Every year for the past 32 years - at about the same time that the Nobel Prizes are doled out to recognize brilliant and commendable scientific, scholarly and humanitarian achievements - the reverse is also true ...
... The Ig Nobel Awards are presented - by the satirical "Annals of Improbable Research" magazine - to recognize goofy academic work (actually published in scientific journals), inventions and governmental policies.
The 32th annual Ig Nobels were presented during an on-line ceremony in mid-September, with an audience which included several real-live Nobel Prize recipients. And the 2022 winners were ...
APPLIED CARDIOLOGY PRIZE: Eliska Prochazkova, Elio Sjak-Shie, Friederike Behrens, Daniel Lindh, and Mariska Kret of the Czech Republic, the Netherlands, the United Kingdom, Sweden and Aruba, for seeking and finding evidence that when new romantic partners meet for the first time, and feel attracted to each other, their heart rates synchronize.
LITERATURE PRIZE: Eric Martínez, Francis Mollica, and Edward Gibson of Canada, the United States, the United Kingdom and Australia, for analyzing what makes legal documents unnecessarily difficult to understand.
BIOLOGY PRIZE: Solimary García-Hernández and Glauco Machado of Brazil and Colombia, for studying whether and how constipation affects the mating prospects of scorpions. Their research paper was entitled “Short- and Long-Term Effects of an Extreme Case of Autotomy: Does ‘Tail’ Loss and Subsequent Constipation Decrease the Locomotor Performance of Male and Female Scorpions?”
MEDICINE PRIZE: Marcin Jasiski, Martyna Maciejewska, Anna Brodziak, Micha Górka, Kamila Skwierawska, Wiesaw Jdrzejczak, Agnieszka Tomaszewska, Grzegorz Basak, and Emilian Snarski of Poland, for showing that when patients undergo some forms of toxic chemotherapy, they suffer fewer harmful side effects when ice cream replaces one traditional component of the procedure. Their research paper was entitled “Ice-Cream Used as Cryotherapy During High-Dose Melphalan Conditioning Reduces Oral Mucositis After Autologous Hematopoietic Stem Cell Transplantation”.
ENGINEERING PRIZE: Gen Matsuzaki, Kazuo Ohuchi, Masaru Uehara, Yoshiyuki Ueno, and Goro Imura of Japan, for trying to discover the most efficient way for people to use their fingers when turning a knob.
ART HISTORY PRIZE: Peter de Smet and Nicholas Hellmuth of the Netherlands, Guatamala, the United States and Austria, for their study “A Multidisciplinary Approach to Ritual Enema Scenes on Ancient Maya Pottery”.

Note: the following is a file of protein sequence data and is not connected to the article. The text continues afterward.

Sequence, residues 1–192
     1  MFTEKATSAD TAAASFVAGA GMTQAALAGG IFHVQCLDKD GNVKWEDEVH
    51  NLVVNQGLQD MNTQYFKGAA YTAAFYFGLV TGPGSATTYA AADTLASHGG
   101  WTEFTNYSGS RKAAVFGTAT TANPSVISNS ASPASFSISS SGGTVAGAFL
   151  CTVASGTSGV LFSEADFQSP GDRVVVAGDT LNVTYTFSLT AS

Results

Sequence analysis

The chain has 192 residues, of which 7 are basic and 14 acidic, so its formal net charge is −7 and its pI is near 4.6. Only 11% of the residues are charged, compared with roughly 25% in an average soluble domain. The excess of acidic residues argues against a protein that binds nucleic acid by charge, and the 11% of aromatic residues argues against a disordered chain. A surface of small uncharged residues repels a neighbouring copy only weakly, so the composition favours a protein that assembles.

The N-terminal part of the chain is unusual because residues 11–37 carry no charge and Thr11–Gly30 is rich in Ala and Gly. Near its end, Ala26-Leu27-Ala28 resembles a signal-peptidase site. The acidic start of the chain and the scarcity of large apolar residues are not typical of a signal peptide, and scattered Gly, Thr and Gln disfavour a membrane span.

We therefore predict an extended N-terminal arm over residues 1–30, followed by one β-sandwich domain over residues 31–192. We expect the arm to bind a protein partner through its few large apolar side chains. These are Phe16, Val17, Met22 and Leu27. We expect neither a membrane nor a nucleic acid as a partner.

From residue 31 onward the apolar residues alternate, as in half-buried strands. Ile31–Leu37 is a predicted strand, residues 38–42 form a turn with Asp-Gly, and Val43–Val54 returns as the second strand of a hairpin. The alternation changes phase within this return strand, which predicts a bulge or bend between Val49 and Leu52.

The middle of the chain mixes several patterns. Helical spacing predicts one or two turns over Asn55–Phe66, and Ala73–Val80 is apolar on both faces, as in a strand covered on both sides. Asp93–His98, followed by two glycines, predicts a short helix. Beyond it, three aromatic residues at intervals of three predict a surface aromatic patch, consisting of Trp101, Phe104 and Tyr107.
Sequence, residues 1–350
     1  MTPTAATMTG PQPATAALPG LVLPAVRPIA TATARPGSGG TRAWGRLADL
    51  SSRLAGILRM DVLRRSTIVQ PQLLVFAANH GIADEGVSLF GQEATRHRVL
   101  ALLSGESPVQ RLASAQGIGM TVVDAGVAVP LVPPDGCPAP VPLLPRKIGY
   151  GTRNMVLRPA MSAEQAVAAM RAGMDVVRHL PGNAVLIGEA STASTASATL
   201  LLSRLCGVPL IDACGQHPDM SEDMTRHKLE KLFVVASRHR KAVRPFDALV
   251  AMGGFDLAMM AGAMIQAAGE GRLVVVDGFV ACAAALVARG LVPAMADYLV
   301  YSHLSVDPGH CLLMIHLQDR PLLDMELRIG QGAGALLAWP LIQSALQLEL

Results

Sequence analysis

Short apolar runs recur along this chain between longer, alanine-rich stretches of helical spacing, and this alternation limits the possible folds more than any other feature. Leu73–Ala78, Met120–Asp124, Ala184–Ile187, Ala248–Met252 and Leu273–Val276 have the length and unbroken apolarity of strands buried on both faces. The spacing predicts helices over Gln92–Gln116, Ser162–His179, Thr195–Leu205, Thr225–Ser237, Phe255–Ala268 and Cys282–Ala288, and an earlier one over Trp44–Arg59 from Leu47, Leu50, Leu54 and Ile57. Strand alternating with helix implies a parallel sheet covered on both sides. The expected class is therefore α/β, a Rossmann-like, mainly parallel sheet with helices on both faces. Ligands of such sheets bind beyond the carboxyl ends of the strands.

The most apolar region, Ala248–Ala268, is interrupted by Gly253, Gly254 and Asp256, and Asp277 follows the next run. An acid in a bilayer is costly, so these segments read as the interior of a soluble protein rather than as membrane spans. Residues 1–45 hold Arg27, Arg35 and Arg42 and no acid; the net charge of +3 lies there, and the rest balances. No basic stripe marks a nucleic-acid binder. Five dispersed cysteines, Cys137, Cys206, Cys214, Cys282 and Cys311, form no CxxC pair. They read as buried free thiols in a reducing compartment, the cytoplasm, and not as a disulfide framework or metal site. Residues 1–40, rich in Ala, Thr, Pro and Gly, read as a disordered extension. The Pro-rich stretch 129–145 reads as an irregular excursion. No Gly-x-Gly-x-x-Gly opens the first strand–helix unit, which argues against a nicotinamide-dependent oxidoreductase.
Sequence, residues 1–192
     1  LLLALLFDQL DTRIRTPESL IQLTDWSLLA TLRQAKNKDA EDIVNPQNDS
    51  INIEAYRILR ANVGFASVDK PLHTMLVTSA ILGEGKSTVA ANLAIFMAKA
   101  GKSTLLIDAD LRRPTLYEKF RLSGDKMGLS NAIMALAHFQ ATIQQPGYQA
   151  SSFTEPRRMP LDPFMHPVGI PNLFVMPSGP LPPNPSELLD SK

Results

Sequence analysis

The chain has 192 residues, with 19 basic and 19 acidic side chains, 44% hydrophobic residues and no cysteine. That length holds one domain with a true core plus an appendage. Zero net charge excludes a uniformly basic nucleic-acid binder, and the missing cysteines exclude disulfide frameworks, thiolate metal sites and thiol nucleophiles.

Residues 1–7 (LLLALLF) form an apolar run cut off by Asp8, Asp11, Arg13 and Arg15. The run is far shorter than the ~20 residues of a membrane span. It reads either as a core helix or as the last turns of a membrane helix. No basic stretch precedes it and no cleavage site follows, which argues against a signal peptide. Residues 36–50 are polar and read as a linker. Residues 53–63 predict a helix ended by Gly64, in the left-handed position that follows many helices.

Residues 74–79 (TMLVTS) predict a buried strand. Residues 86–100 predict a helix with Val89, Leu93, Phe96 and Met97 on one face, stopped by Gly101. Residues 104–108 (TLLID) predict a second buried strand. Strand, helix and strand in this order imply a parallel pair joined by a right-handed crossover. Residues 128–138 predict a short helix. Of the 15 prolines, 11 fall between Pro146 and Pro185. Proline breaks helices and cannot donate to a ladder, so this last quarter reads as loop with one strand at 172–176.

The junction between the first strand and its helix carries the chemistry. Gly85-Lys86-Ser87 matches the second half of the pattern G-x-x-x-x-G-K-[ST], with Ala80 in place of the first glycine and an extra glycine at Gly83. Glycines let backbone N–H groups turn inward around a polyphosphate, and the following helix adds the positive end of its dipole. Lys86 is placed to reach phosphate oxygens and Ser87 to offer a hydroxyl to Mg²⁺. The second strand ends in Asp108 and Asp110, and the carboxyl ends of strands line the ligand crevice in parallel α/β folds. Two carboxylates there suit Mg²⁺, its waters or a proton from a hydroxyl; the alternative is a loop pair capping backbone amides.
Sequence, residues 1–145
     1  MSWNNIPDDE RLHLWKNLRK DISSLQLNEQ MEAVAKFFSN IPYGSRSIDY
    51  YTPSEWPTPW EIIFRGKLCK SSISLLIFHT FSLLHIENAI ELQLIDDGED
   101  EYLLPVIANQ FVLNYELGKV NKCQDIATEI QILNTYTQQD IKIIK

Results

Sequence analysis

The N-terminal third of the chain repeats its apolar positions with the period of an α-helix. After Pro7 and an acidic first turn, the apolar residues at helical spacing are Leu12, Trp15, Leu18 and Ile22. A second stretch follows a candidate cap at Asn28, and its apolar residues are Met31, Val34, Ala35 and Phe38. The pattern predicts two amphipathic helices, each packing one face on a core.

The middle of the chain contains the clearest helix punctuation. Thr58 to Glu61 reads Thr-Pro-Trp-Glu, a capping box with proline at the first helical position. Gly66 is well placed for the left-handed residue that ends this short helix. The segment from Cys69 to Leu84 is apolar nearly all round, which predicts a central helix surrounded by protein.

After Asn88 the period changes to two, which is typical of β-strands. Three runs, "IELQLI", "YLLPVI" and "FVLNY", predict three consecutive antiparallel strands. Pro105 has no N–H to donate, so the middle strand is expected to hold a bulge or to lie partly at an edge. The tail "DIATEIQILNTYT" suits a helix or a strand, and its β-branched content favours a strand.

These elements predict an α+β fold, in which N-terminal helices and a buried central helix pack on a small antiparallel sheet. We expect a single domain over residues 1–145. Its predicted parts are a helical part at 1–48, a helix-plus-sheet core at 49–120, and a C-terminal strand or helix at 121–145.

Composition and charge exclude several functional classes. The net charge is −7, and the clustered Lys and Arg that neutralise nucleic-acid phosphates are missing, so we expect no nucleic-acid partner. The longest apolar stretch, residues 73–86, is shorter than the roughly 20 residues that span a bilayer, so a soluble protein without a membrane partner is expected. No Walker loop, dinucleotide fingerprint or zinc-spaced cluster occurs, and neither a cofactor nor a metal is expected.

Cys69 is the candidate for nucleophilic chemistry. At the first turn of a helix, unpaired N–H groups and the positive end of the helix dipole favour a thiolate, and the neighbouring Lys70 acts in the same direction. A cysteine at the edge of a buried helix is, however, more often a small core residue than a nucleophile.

PHYSICS PRIZE: Frank Fish, Zhi-Ming Yuan, Minglu Chen, Laibing Jia, Chunyan Ji, and Atilla Incecik of China, the United Kingdom, Turkey and the United States, for trying to understand how ducklings manage to swim in formation. There were two research papers: “Energy Conservation by Formation Swimming: Metabolic Evidence from Ducklings” and “Wave-Riding and Wave-Passing by Ducklings in Formation Swimming”.
PEACE PRIZE: Junhui Wu, Szabolcs Számadó, Pat Barclay, Bianca Beersma, Terence Dores Cruz, Sergio Lo Iacono, Annika Nieper, Kim Peters, Wojtek Przepiorka, Leo Tiokhin and Paul Van Lange of China, Hungary Canada the Netherlands, the United Kingdom, Italy, Australia, Switzerland and the United States, for developing an algorithm to help gossipers decide when to tell the truth and when to lie.
ECONOMICS PRIZE: Alessandro Pluchino, Alessio Emanuele Biondo, and Andrea Rapisarda of Italy, for explaining – mathematically – why success most often goes not to the most talented people, but instead to the luckiest.
[NOTE: This was the second Ig Nobel Prize awarded to Alessandro Pluchino and Andrea Rapisarda. The 2010 Ig Nobel Prize for Management was awarded to Alessandro Pluchino, Andrea Rapisarda, and Cesare Garofalo, for demonstrating – mathematically – that organizations would become more efficient if they promoted people at random.]
SAFETY ENGINEERING PRIZE: Magnus Gens of Sweden, for developing a moose crash-test dummy.
Stodgy? A yawn-fest? No, the ceremony is far from that. In addition to getting underway with a mass-release of paper airplanes, the Ig Nobel event is a fast-paced one - thanks, in large part, to the fact that the organizers have solved an ancient problem: How to keep speeches from droning on and on.
Their solution takes the form of "Miss Sweetie Poo", an eight-year-old girl whose sole purpose during the ceremony is to climb on stage, grab a microphone, and tell long-winded speakers to "Please stop. I'm bored. Please stop. I'm bored ..."